To Albert Mannheimer [Letter 271]

Item Reference Code: 143_MBx_009_001

Date(s) of creation

October 10, 1946


Albert Mannheimer


In this letter (and elsewhere) AR used the term “rationalist” to mean an advocate of reason. In later writings she used the term in its technical, philosophical sense, meaning an advocate of the view (which she strongly opposed) that knowledge is derived from mental content divorced from perception of physical reality. See her title essay in For the New Intellectual.

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October 10, 1946 

Albert darling: 

I hope that you have remained a good rationalist—because if you have, you won’t feel too badly about any of it. I’ve read some of the New York reviews and my feeling is: to hell with the bastards![*]

I know that it’s hard to take, but I also know that it’s not as hard as it might seem to lesser people. Since you’re not one of the lesser people, I hope you have discovered already that it’s not too damn important. And it shouldn’t hurt you too much. 

The only important thing is what you think of it yourself. If, according to your own best judgment, the critics were wrong (and I think they were)—then you should feel angry and disgusted, but nothing more than that. If you think that they were justified to any extent, if the play was not produced as you wanted or did not satisfy you when you saw it acted—then look at it as an experiment, as experience, and make your own conclusions about what was right or wrong. But make conclusions yourself, as you saw it—not because of what critics or anybody else has said. 

Personally, I say it’s a good play and I will say so no matter who disagrees. But you saw it acted—and you must not take my opinion, any more than anyone else’s. Judge it for yourself.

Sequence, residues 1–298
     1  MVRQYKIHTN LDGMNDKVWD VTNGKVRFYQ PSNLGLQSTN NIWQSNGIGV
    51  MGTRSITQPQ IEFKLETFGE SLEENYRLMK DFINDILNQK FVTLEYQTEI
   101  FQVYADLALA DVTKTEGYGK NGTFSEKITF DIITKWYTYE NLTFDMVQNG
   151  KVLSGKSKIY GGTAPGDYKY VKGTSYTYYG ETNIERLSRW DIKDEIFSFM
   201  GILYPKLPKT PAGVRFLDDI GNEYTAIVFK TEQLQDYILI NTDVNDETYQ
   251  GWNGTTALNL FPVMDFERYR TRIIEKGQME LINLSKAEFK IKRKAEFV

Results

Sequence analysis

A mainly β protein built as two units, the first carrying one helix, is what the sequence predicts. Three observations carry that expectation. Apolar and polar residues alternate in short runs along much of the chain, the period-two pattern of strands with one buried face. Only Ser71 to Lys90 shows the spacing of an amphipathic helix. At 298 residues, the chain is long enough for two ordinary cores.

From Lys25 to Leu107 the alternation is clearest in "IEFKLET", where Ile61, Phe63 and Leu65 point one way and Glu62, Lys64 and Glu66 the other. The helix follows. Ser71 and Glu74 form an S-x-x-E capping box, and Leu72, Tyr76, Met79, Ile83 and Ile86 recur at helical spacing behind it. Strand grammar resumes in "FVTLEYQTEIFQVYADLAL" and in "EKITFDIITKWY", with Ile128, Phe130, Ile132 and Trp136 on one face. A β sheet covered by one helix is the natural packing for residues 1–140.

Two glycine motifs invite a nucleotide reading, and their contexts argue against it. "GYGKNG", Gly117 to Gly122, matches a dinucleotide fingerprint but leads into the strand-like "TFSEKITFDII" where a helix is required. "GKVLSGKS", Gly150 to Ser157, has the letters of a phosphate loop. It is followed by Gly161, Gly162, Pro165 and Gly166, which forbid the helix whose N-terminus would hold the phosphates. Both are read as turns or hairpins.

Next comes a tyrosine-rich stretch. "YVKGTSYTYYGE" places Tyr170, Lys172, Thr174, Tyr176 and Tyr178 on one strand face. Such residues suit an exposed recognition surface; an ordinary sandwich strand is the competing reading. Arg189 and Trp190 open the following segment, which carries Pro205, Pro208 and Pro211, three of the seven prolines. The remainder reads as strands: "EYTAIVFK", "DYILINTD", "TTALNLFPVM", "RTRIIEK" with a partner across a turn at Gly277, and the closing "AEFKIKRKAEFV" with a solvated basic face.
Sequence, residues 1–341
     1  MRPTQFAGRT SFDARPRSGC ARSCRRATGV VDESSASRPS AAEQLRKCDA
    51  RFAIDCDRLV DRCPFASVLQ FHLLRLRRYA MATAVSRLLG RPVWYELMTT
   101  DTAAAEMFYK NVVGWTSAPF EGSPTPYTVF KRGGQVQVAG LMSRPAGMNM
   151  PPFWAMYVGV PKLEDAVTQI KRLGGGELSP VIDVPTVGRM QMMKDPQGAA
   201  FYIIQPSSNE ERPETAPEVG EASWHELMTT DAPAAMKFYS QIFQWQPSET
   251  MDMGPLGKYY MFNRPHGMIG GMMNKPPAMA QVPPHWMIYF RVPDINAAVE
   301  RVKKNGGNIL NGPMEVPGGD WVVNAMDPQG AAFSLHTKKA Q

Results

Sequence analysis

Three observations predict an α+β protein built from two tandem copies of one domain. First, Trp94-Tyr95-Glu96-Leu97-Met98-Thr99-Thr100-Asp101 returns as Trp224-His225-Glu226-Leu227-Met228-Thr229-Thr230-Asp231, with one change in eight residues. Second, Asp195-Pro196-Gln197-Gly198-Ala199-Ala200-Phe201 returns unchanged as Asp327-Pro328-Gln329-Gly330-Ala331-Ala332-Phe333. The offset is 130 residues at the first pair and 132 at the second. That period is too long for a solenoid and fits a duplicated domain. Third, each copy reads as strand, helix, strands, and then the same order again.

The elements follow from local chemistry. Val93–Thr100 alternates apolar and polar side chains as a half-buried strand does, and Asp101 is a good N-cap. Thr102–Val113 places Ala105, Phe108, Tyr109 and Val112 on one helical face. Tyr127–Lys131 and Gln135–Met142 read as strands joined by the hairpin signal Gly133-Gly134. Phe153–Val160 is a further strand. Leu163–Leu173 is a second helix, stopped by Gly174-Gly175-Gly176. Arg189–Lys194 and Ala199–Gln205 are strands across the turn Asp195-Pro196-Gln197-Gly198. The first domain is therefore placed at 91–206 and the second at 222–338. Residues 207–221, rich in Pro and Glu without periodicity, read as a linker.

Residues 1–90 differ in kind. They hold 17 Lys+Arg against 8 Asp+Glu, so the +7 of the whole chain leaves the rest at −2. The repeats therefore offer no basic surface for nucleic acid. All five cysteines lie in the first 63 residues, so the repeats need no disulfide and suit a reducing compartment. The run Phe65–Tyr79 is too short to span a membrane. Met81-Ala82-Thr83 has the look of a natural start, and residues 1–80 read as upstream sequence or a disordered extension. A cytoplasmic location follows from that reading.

If you are not sure of your own estimate of the production, then let it go honestly at that—that you’re not sure, and that you’ll decide in the future. But don’t take the word of others. 

There is only one thing which can be tragic and terribly wrong for you—and that is, if you were satisfied with the play and the production, to let yourself doubt your own judgment because of the opinions of others. That is the only permanent and fatal damage that the occasion can cause you—and it will be caused by yourself, not by anyone else. I hope you do understand and believe rationally that there is no escape from your own judgment, and no substitute for it, that it’s the final, crucial one, the only one that counts. 

Whatever you do, don’t doubt yourself because of others. That’s the only thing I want to impress upon you, as strongly as I can. Don’t let second-handness make you suffer unnecessarily.

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If you don’t let that happen, the rest is not too important. Of course, it’s unpleasant—but that’s all. It’s just a practical disappointment for you—not a spiritual or artistic one. It means that you won’t make as much money as you could have made, and that you won’t get, for the moment, the prestige which you have a legitimate right to want. But what of that? You don’t need money, and you have plenty of time ahead to get the prestige. It is only one of those chances which any writer has to take and be prepared for, before he starts his career. If you don’t let it get inside you—it won’t matter very much. I can tell you that from first-hand experience. I know. 

I gathered from the reviews that you had a very successful opening night and that the audience roared with laughter. (I noticed how the bastards had to mention it, yet tried to cover themselves.) So I don’t know what the fate of your play is now. If it is financially possible to keep it open and give a chance to word-of-mouth—I hope your producer will do it. If he can beat that dirty little gang of “Broadway intellectuals”—I wish he would. 

If you don’t feel like writing letters, don’t, until later. If you can—I’d like to hear from you, at least a few words. I miss you, and I wish I could be with you right now. 

All my love, darling—(and also, which is more important, all my philosophy—if you’ll use it).


*AR is referring to The Bees and the Flowers, a play that Mannheimer co-authored with Frederick Kohner. The play ran on Broadway for just 28 performances. In his American Theatre: A Chronicle of Comedy and Drama, 1930–1969, Gerald Bordman wrote that “several critics” pointed out a simple plot flaw that led the authors to “waste their time” with the play.